if X and Y are finite, this is pretty easy, because in that case, both are isomorphic to , where n = |X| = |Y|.
what's not so clear is that this is also true even if X are Y are infinite sets like and .
well, your isomorphism o is going to have to use f somehow, because it's the only mapping X-->Y we're able to get our hands on.
what does an element of look like? well, it in turn, is a bjiection φ: X--->X, x-->φ(x).
so how can we create a mapping ψ:Y-->Y using f? how about defining ψ(f(x)) = f(φ(x)), which takes f(x)-->f(φ(x)).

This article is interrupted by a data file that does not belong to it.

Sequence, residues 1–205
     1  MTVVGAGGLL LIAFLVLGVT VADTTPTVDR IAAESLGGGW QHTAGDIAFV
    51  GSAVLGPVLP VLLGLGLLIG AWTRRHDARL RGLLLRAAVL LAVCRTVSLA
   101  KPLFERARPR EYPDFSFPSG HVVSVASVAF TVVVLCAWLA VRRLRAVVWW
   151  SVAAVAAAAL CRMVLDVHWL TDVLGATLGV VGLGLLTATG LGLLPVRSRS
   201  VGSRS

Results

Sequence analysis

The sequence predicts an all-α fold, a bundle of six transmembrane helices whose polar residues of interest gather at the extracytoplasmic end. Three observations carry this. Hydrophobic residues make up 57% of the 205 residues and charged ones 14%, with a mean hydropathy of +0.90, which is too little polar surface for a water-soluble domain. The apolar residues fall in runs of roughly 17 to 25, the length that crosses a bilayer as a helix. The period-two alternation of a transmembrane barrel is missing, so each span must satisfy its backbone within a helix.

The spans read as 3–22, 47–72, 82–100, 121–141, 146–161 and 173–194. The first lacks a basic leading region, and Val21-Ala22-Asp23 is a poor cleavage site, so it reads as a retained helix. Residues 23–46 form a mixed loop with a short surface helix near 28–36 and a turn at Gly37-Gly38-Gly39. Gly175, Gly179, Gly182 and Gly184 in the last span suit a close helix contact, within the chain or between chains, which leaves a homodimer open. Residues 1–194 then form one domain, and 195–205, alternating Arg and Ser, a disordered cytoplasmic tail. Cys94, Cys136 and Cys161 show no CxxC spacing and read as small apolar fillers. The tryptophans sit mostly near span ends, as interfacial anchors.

f is onto, so f(x) runs through all values of y, and the x in f(x) is uniquely defined, because f is injective, so ψ is well-defined.
now, i've done the hard part, all you have to do is show that o:φ -->ψ (that is if φ:x-->φ(x), then o(φ):f(x)-->f(φ(x))
is, in fact, an isomorphism. (you might want to let be two arbitrary elements of ).